EGU 2020 Rock Physics SessionThe announced session was merged with another one. Here is the link: https://meetingorganizer.copernicus.org/EGU2020/session/36633
EGU 2020 (3-8 May 2020) | Call for Abstracts
Rocketh is pleased to announce the Call for Abstracts for the session EMRP1.4 at the EGU General Assembly 2020 in Vienna, Austria, entitled “Characterization and quantification of heterogeneous and anisotropic rock damage” and convened by early-career scientists from the Rocketh community. Benedikt Ahrens and co-conveners cordially invite you to present your research to international scientists. Undergraduate and graduate students are specifically encouraged to submit their work. Contributions from senior scientists are highly welcome. Abstracts for oral presentations and posters can now be uploaded! All abstract submissions must be made electronically through EGU’s online abstract submission system (https://administrator.copernicus.org/). The deadline for application is 15 January 2020 at 13:00 CET.
Thank you for attending, see you in Vienna in 2020.
Benedikt Ahrens (firstname.lastname@example.org)
EMRP1.4 - Rock Physics & Mineral Physics: Characterization and quantification of heterogeneous and anisotropic rock damageDamaged rocks in the Earth’s upper crust are heterogeneous and anisotropic across multiple spatial scales. Assessing the scale-dependence of rock physical properties is therefore a prerequisite to upscale observations from laboratory to field conditions. Characterizing rock damage is particularly relevant in several fields of applied geology, for example in the context fluid-flow properties of reservoir rocks that are strongly affected by anisotropy and heterogeneity. A quantitative description of damage is necessary to efficiently exploit subsurface resources. The characterization of damage around fault zones and its temporal evolution contributes to a better understanding of seismological observations and the mechanics of earthquakes. The spatial and temporal distribution of physical rock properties can be used to constrain their structure.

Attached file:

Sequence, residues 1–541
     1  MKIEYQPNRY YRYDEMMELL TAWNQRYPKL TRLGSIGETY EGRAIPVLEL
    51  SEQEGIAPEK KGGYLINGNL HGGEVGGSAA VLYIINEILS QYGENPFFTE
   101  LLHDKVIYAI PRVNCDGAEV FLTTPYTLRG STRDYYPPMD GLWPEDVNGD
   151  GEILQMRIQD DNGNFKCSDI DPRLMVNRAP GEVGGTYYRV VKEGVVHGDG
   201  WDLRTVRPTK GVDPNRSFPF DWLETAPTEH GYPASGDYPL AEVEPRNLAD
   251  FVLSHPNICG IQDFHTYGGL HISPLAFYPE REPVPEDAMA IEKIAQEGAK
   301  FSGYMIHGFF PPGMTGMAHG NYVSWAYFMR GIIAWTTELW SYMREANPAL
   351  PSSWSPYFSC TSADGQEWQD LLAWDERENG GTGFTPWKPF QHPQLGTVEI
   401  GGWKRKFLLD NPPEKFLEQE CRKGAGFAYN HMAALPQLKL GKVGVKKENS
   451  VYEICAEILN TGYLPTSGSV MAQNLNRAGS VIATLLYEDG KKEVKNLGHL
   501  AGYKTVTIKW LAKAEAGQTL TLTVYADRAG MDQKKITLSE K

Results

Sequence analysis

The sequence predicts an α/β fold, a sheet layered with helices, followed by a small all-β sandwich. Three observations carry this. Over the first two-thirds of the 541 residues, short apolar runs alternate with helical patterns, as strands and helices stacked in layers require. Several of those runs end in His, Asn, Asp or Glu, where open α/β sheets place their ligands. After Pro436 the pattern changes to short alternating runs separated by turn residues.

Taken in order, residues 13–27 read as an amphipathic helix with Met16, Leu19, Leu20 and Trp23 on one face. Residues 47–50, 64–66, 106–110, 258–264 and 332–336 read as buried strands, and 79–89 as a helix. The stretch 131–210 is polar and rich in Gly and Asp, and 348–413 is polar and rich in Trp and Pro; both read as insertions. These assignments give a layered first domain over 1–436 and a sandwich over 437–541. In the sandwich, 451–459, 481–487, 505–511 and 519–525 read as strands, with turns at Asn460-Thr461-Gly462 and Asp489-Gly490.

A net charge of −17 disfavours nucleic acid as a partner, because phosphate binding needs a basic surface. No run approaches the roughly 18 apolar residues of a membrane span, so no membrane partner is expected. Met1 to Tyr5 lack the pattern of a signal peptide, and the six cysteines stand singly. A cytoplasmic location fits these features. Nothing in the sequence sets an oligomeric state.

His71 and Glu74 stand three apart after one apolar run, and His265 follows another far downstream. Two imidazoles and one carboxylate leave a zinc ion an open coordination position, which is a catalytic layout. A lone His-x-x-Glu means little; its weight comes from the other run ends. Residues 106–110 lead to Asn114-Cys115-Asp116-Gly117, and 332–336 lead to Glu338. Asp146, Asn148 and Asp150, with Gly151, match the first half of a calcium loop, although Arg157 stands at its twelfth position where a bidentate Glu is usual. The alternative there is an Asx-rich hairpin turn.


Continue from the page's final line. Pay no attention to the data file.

For this session, we welcome contributions from fields of rock physics, structural geology, seismology and applied geology including studies employing microstructural analyses (e.g. microscopy and high-resolution µCT-scanning), numerical and analytical models (e.g. digital rock physics), laboratory experiments, and fieldwork. We particularly encourage contributions dealing with the correlation between structural discontinuities and THMC rock physical transport properties.
- Bendikt Ahrens (International Geothermal Centre, Bochum University of Applied Sciences, 44801 Bochum, Germany)
- Franciscus Aben (Department of Earth Sciences, University College London, London WC1E 6BT, UK)
- Mandy Duda (Institute for Geology, Mineralogy, and Geophysics, Ruhr-Universität Bochum, 44801 Bochum, Germany)
- Sarah Incel (Institute for Geology, Mineralogy, and Geophysics, Ruhr-Universität Bochum, 44801 Bochum, Germany)
- Marieke Rempe (Institute for Geology, Mineralogy, and Geophysics, Ruhr-Universität Bochum, 44801 Bochum, Germany)